3 January 2005 -- Malaysia (Peninsular) announces control of the H5N1 poultry outbreak and is now considered disease-free by OIE.
6 January 2005 -- Vietnam reports 2 further cases.
14 January 2005 -- Total cases in Vietnam rise to 6. Sporadic cases continue to be reported over the coming months, making Vietnam the hardest-hit country.
27 January 2005 -- Research concludes that a girl in Thailand probably passed the virus to at least her mother in September 2004, causing fatal disease. This is the first published account of probable secondary human transmission, resulting in severe disease, of any avian influenza virus.
2 February 2005 -- Cambodia reports its first human case, which is fatal.
17 February 2005 -- Research retrospectively identifies at least one fatal atypical case in Vietnam (from February 2004), presenting with diarrhea and encephalitis, but normal chest X-rays.
29 March 2005 -- Cambodia reports its 2nd case, also fatal.
12 April 2005 -- Cambodia reports its 3rd case, also fatal.
30 April 2005 -- Wild birds begin dying at Qinghai Lake in central China, where hundreds of thousands of migratory birds congregate. Altogether, 6,345 birds from different species die in the coming weeks.
4 May 2005 -- Cambodia reports its 4th case, also fatal.
8 June 2005 -- China reports poultry outbreak in Xinjiang Autonomous Region.
30 June 2005 -- A WHO investigative team finds no evidence that H5N1 has improved its transmissibility in humans in Vietnam.
6 July 2005 -- Research on viruses isolated from dead birds in Qinghai Lake suggests the outbreak was caused by a new H5N1 variant that may be more lethal to wild birds and experimentally infected mice.
14 July 2005 -- Research on viruses isolated from dead birds in Qinghai Lake demonstrates transmission of the virus among migratory geese and suggests that the virus may be carried along winter migratory routes.
15 July 2005 -- Tests on three civets that died in late June in Vietnam detect H5N1, marking the first infection of this species with the virus. The endangered Owston's palm civets were raised in captivity; source of infection is unknown.
21 Jul 2005 -- Indonesia reports its first human case. Infection in two other family members is considered likely, but cannot be laboratory confirmed. Subsequent investigation is unable to determine the source of infection.
23 July 2005 -- Russia reports outbreaks of highly pathogenic avian influenza, subsequently confirmed as H5N1, in poultry in western Siberia. The outbreak spreads to affect six administrative regions in Siberia. Dead migratory birds are reported in the vicinity of outbreaks.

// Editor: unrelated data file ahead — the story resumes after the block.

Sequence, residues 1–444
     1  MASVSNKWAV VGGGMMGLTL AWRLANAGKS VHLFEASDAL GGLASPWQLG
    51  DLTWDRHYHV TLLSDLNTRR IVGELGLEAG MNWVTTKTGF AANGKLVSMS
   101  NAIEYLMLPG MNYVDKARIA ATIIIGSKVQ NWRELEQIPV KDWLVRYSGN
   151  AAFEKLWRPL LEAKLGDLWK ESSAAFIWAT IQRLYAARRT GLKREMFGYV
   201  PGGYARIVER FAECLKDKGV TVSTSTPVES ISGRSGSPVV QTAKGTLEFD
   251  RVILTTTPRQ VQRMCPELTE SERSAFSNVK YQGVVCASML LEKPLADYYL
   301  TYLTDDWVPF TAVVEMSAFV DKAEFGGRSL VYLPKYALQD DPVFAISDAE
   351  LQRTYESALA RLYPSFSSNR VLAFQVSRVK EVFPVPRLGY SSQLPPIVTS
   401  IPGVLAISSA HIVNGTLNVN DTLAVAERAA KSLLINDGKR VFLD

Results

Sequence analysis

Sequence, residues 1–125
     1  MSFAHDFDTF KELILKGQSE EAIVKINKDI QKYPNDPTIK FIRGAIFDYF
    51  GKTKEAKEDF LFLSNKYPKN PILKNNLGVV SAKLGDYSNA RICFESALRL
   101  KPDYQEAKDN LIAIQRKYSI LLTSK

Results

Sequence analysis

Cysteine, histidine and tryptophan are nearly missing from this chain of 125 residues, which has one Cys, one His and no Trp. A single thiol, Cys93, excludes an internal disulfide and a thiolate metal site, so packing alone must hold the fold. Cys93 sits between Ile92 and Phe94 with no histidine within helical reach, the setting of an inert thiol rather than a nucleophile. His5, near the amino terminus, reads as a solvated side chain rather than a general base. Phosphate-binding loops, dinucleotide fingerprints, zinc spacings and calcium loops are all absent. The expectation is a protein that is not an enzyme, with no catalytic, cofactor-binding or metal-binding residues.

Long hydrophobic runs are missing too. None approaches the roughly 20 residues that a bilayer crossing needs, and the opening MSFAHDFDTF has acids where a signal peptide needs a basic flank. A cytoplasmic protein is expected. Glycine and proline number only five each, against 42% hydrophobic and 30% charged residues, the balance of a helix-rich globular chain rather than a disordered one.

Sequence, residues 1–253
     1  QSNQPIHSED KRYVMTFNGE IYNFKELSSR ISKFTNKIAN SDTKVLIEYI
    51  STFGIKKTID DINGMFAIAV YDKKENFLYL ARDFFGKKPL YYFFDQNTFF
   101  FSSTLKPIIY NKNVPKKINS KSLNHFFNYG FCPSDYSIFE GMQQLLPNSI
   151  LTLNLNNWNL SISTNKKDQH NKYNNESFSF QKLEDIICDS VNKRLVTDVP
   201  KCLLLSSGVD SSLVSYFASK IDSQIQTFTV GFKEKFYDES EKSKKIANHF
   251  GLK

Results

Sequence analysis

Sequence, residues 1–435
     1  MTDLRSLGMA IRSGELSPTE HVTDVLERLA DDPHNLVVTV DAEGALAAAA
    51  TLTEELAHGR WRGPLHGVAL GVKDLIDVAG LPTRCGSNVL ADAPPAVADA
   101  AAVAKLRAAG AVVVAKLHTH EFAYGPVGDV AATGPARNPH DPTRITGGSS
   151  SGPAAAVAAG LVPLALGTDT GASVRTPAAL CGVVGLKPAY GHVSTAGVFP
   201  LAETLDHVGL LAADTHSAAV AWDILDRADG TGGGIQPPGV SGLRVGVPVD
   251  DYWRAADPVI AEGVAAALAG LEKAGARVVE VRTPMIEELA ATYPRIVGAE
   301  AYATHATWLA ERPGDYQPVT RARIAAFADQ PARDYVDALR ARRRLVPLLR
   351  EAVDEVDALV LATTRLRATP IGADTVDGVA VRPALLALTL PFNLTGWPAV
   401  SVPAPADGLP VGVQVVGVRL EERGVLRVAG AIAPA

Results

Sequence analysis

2 August 2005 -- Kazakhstan reports an outbreak of highly pathogenic avian influenza, subsequently confirmed as H5N1, in poultry in areas adjacent to Siberia. Dead migratory birds are reported in the vicinity of outbreaks.
5 August 2005 -- Vietnam now has 64 confirmed cases in the third wave, of which 21 were fatal.
10 August 2005 -- China reports outbreak in Tibet Autonomous Region.
12 August 2005 -- Mongolia reports the death of 89 migratory birds at two lakes. H5N1 is subsequently identified in these birds.
16 September 2005 -- Indonesia confirms its 2nd case.
22 September 2005 -- Indonesia confirms its 3rd case.
29 September 2005 -- Indonesia confirms its 4th case. Research describes the clinical features of H5N1 infection and reviews recommendations for the management of cases.
October 2005 -- Research on the evolution of human and animal viruses circulating in Asia in 2005 suggests that several amino acids located near the receptor-binding site are undergoing change, some of which may affect antigenicity or transmissibility.
6 October 2005 -- Research describes reconstruction of the lethal 1918 pandemic virus, concludes that this virus was entirely avian, and finds some similarities with H5N1.
10 October 2005 -- Indonesia confirms its 5th case.
13 October 2005 -- Highly pathogenic H5N1 is confirmed in poultry in Turkey.
15 October 2005 -- Highly pathogenic H5N1 is confirmed in poultry in Romania.
20 October 2005 -- Taiwan reports the detection of highly pathogenic H5N1 in a cargo of exotic songbirds smuggled from mainland China. Thailand reports its first new case since 8 October 2004.
23 October 2005 -- Highly pathogenic H5N1 is confirmed in an imported parrot, held in quarantine in the United Kingdom, that died three days earlier.
24 October 2005 -- China reports outbreak in Anhui Province. Thailand and Indonesia report more cases.
26 October 2005 -- China reports outbreak in Hunan, making this the sixth province reporting outbreaks during 2005. Croatia confirms H5N1 in wild birds.
SOURCE: World Health Organization
Click on the map for a closer view of the areas within RFE/RL's broadcast region where cases of diseased fowl have been confirmed. Last updated on February 20.
BIRD FLU, or avian influenza, continues to menace scattered areas from East Asia, where the disease first appeared, to Southeastern and Eastern Europe and beyond. Authorities around the world are bracing themselves -- and, more importantly, planning and taking measures to fight the disease wherever it appears.